In this article, we report studies on the evolutionary history of beta satellite repeats (BSR) in primates. In the orangutan genome, the bulk of BSR sequences was found organized as very short stretches of approximately 100 to 170 bp, embedded in a 60-kb to 80-kb duplicated DNA segment. The estimated copy number of the duplicon that carries BSR sequences ranges from 70 to 100 per orangutan haploid genome. In both macaque and gibbon, the duplicon mapped to a single chromosomal region at the boundary of the rDNA on the marker chromosome (chromosome 13 and 12, respectively). However, only in the gibbon, the duplicon comprised 100 by of beta satellite. Thus, the ancestral copy of the duplicon appeared in Old World monkeys (similar to25 to similar to35 MYA), whereas the prototype of beta satellite repeats took place in a gibbon ancestor, after apes/Old World monkeys divergence (similar to25 MYA). Subsequently, a burst in spreading of the duplicon that carries the beta satellite was observed in the orangutan, after lesser apes divergence from the great apes-humans lineage (similar to18 MYA). The analysis of the orangutan genome also indicated the existence of two variants of the duplication that differ for the length (100 or 170 bp) of beta satellite repeats. The latter organization was probably generated by nonhomologous recombination between two 100-bp repeated regions, and it likely led to the duplication of the single Sau3A site present in the 100-bp variant, which generated the prototype of Sau3A 68-bp beta satellite tandem organization. The two variants of the duplication, although with a different ratios, characterize the hominoid genomes from the orangutan to humans, preferentially involving acrocentric chromosomes. At variance to alpha satellite, which appeared before the divergence of New World and Old World monkeys, the beta satellite evolutionary history began in apes ancestor, where we have first documented a low-copy, nonduplicated BSR sequence. The first step of BSR amplification and spreading occurred, most likely, because the BSR was part of a large duplicon, which underwent a burst dispersal in great apes' ancestor after the lesser apes' branching. Then, after orangutan divergence, BSR acquired the clustered structural organization typical of satellite DNA.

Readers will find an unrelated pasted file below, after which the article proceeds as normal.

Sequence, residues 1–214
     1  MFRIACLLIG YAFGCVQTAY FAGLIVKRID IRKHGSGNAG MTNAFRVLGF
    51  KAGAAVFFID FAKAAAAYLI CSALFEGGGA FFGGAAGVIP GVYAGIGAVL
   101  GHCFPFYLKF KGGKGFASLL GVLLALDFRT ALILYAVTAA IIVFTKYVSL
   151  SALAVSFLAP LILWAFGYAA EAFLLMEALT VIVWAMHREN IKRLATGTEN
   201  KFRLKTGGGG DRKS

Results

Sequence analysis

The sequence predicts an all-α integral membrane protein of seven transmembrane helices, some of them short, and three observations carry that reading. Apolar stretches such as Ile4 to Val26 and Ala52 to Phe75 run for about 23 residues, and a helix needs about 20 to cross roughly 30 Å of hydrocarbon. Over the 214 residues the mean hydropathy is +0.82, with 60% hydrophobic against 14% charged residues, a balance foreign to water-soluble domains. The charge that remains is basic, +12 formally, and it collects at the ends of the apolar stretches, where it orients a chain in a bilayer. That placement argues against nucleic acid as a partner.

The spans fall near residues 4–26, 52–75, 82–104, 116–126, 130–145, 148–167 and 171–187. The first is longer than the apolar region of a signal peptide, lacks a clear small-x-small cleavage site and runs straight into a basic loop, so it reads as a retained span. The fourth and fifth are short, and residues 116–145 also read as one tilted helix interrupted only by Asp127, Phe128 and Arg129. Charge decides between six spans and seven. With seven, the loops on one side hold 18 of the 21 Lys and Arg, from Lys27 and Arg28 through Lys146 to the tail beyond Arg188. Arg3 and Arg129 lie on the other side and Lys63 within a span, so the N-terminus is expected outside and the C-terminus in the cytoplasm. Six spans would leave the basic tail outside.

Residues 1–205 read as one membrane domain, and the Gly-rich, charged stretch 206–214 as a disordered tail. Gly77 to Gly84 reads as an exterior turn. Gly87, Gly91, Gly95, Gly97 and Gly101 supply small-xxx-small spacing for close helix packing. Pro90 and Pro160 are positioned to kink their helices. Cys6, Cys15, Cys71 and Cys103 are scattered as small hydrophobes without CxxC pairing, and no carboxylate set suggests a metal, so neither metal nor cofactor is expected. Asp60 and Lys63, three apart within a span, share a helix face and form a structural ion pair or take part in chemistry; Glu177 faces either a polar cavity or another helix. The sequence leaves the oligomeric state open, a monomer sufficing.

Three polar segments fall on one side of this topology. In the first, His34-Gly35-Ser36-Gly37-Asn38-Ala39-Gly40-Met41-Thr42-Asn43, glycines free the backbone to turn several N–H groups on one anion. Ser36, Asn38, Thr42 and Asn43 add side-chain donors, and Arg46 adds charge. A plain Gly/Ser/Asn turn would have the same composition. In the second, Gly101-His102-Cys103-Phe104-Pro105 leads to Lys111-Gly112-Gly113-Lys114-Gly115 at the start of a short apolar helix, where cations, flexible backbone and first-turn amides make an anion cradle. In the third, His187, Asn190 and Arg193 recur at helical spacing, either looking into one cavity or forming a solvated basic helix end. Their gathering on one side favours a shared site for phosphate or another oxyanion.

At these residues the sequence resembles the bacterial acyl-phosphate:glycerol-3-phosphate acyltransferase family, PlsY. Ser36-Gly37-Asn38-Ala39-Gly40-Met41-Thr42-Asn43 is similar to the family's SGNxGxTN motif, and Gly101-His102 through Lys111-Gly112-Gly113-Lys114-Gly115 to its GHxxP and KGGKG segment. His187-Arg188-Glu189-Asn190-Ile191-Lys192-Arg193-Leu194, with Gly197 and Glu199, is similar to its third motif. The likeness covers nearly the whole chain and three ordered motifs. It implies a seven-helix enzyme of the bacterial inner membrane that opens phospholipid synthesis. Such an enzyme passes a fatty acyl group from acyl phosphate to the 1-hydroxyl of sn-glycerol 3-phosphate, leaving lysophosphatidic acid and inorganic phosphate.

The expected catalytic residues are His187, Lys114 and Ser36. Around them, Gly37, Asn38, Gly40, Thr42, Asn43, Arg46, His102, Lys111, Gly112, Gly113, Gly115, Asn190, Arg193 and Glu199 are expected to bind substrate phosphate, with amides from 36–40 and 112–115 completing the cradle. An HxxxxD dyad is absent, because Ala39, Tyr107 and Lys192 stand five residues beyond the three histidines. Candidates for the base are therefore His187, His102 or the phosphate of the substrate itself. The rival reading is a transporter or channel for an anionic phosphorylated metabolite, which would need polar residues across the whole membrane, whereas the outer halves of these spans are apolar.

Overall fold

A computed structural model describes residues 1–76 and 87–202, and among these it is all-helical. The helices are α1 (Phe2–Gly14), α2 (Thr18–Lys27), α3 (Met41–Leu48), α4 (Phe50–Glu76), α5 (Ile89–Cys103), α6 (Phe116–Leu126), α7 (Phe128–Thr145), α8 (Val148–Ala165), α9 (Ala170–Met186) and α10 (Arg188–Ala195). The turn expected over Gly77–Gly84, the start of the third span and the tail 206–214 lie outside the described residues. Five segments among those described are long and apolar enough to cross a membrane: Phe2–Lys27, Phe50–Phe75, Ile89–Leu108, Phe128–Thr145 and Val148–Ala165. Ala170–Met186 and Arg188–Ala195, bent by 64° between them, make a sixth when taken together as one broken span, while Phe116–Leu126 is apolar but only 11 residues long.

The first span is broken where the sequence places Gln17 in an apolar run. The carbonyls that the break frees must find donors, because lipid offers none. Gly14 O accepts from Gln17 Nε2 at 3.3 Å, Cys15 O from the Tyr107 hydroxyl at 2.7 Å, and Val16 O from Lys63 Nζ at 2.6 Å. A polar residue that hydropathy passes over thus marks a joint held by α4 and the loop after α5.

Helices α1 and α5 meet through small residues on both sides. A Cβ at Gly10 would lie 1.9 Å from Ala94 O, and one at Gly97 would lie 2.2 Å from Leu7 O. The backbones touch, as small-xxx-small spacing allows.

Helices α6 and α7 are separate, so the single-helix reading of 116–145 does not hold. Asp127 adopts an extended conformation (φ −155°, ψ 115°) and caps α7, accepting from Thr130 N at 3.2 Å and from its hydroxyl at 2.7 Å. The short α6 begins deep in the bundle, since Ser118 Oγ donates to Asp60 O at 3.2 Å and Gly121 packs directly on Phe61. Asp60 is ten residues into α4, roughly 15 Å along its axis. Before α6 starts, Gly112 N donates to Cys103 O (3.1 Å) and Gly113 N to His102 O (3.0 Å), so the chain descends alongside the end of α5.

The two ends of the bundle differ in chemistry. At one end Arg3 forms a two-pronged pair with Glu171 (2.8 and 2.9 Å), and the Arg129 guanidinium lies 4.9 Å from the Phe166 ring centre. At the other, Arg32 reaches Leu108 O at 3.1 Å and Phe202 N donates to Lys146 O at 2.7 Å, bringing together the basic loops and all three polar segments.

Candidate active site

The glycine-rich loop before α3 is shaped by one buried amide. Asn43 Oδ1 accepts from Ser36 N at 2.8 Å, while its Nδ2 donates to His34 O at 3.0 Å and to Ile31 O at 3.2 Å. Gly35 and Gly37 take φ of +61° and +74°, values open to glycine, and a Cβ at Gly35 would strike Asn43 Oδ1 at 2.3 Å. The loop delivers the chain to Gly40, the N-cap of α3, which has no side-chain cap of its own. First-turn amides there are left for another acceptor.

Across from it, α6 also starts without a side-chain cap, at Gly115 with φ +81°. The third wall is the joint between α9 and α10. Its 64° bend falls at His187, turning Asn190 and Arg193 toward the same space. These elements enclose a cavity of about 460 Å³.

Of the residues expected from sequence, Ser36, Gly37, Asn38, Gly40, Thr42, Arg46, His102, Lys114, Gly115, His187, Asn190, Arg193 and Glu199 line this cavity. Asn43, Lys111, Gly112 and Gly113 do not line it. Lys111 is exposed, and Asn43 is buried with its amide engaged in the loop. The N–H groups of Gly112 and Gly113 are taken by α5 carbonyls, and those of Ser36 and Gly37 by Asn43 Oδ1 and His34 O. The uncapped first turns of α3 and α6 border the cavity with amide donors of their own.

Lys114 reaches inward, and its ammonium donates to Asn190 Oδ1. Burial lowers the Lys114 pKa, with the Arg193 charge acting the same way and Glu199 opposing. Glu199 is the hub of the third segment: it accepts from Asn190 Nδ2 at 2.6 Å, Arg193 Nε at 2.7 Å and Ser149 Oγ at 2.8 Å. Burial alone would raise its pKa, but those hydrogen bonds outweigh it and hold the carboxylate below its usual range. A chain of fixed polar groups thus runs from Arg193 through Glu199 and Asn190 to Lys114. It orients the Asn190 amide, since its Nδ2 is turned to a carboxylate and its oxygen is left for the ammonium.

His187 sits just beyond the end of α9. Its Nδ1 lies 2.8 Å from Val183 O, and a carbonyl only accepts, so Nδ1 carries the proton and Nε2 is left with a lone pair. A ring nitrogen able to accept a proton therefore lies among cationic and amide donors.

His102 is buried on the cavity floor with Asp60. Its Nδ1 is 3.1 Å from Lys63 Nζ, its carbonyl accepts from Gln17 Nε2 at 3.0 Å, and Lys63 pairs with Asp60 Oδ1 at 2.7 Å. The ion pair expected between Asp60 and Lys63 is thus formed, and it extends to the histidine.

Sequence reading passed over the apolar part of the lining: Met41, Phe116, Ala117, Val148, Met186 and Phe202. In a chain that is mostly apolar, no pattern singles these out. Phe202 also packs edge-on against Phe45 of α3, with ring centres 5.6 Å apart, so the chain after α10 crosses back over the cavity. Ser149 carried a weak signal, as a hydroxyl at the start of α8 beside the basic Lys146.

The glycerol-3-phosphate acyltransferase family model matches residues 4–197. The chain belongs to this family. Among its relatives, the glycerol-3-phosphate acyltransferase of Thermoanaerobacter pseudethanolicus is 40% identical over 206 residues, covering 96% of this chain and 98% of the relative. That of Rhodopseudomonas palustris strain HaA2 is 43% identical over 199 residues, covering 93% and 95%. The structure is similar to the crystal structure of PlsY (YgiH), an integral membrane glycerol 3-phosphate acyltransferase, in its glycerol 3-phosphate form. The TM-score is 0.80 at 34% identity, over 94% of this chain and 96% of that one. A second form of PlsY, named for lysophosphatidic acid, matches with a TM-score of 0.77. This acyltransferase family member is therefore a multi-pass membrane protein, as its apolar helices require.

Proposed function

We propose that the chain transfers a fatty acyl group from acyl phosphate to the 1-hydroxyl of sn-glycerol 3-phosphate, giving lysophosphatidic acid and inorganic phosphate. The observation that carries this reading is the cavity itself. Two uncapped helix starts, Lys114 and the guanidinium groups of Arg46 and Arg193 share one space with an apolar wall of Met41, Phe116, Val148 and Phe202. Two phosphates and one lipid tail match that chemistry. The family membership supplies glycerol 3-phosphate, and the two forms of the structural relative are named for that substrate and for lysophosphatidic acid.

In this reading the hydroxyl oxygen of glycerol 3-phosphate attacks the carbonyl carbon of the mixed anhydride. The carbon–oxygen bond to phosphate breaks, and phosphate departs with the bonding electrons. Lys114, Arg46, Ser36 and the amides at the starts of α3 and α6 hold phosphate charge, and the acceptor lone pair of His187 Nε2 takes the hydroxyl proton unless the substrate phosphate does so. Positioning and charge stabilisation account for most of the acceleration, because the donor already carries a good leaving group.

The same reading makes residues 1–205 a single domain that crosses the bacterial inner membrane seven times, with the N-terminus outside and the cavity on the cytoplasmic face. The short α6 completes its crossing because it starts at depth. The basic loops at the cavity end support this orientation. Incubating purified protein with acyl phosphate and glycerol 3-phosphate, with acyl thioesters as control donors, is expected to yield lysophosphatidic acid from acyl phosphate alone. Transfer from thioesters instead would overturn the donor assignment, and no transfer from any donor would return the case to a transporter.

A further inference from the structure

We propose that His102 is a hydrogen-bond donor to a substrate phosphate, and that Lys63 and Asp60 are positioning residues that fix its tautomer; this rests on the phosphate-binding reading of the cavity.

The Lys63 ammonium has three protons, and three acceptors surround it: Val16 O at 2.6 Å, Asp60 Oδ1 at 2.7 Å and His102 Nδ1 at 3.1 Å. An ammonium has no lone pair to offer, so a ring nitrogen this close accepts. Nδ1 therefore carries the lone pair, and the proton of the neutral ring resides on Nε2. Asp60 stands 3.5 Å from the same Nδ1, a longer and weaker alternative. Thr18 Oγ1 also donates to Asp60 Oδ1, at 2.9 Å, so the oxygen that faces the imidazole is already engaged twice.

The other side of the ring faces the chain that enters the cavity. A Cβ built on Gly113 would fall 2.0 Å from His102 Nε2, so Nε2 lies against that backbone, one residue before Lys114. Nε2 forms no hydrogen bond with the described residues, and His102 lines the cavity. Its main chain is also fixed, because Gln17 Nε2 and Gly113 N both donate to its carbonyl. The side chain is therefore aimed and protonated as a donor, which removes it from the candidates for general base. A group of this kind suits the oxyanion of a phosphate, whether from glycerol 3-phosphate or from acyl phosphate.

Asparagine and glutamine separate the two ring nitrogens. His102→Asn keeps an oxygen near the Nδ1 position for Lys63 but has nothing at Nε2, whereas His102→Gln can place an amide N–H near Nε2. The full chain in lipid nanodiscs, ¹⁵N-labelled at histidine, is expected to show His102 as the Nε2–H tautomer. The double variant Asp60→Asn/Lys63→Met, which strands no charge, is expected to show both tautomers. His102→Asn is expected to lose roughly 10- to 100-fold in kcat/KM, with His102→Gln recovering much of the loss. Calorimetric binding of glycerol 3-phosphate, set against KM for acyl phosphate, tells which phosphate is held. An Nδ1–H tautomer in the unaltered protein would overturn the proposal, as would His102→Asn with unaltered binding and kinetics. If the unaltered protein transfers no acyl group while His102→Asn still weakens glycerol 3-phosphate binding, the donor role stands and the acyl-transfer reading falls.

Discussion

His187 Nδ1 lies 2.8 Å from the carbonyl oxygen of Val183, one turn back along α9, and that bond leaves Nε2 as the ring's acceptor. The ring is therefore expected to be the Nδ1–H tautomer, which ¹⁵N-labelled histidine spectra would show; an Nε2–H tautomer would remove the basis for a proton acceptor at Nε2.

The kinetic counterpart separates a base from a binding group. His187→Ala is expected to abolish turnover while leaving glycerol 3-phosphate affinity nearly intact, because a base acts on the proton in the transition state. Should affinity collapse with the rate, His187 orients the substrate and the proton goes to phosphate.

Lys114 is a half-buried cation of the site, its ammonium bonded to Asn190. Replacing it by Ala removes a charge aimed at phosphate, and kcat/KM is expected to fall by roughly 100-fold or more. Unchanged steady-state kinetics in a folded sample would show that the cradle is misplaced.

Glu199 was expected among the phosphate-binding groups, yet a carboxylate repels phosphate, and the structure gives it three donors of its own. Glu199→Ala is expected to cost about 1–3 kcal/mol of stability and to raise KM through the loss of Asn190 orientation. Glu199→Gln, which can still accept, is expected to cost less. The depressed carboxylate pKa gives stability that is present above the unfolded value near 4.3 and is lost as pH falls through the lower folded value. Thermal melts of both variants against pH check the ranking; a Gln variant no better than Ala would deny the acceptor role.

Evolution of beta satellite DNA sequences: Evidence for duplication-mediated repeat amplification and spreading RID E-6420-2011

VENTURA, MARIO;ROCCHI, Mariano;
2004

Abstract

In this article, we report studies on the evolutionary history of beta satellite repeats (BSR) in primates. In the orangutan genome, the bulk of BSR sequences was found organized as very short stretches of approximately 100 to 170 bp, embedded in a 60-kb to 80-kb duplicated DNA segment. The estimated copy number of the duplicon that carries BSR sequences ranges from 70 to 100 per orangutan haploid genome. In both macaque and gibbon, the duplicon mapped to a single chromosomal region at the boundary of the rDNA on the marker chromosome (chromosome 13 and 12, respectively). However, only in the gibbon, the duplicon comprised 100 by of beta satellite. Thus, the ancestral copy of the duplicon appeared in Old World monkeys (similar to25 to similar to35 MYA), whereas the prototype of beta satellite repeats took place in a gibbon ancestor, after apes/Old World monkeys divergence (similar to25 MYA). Subsequently, a burst in spreading of the duplicon that carries the beta satellite was observed in the orangutan, after lesser apes divergence from the great apes-humans lineage (similar to18 MYA). The analysis of the orangutan genome also indicated the existence of two variants of the duplication that differ for the length (100 or 170 bp) of beta satellite repeats. The latter organization was probably generated by nonhomologous recombination between two 100-bp repeated regions, and it likely led to the duplication of the single Sau3A site present in the 100-bp variant, which generated the prototype of Sau3A 68-bp beta satellite tandem organization. The two variants of the duplication, although with a different ratios, characterize the hominoid genomes from the orangutan to humans, preferentially involving acrocentric chromosomes. At variance to alpha satellite, which appeared before the divergence of New World and Old World monkeys, the beta satellite evolutionary history began in apes ancestor, where we have first documented a low-copy, nonduplicated BSR sequence. The first step of BSR amplification and spreading occurred, most likely, because the BSR was part of a large duplicon, which underwent a burst dispersal in great apes' ancestor after the lesser apes' branching. Then, after orangutan divergence, BSR acquired the clustered structural organization typical of satellite DNA.
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Utilizza questo identificativo per citare o creare un link a questo documento: http://hdl.handle.net/11586/24064
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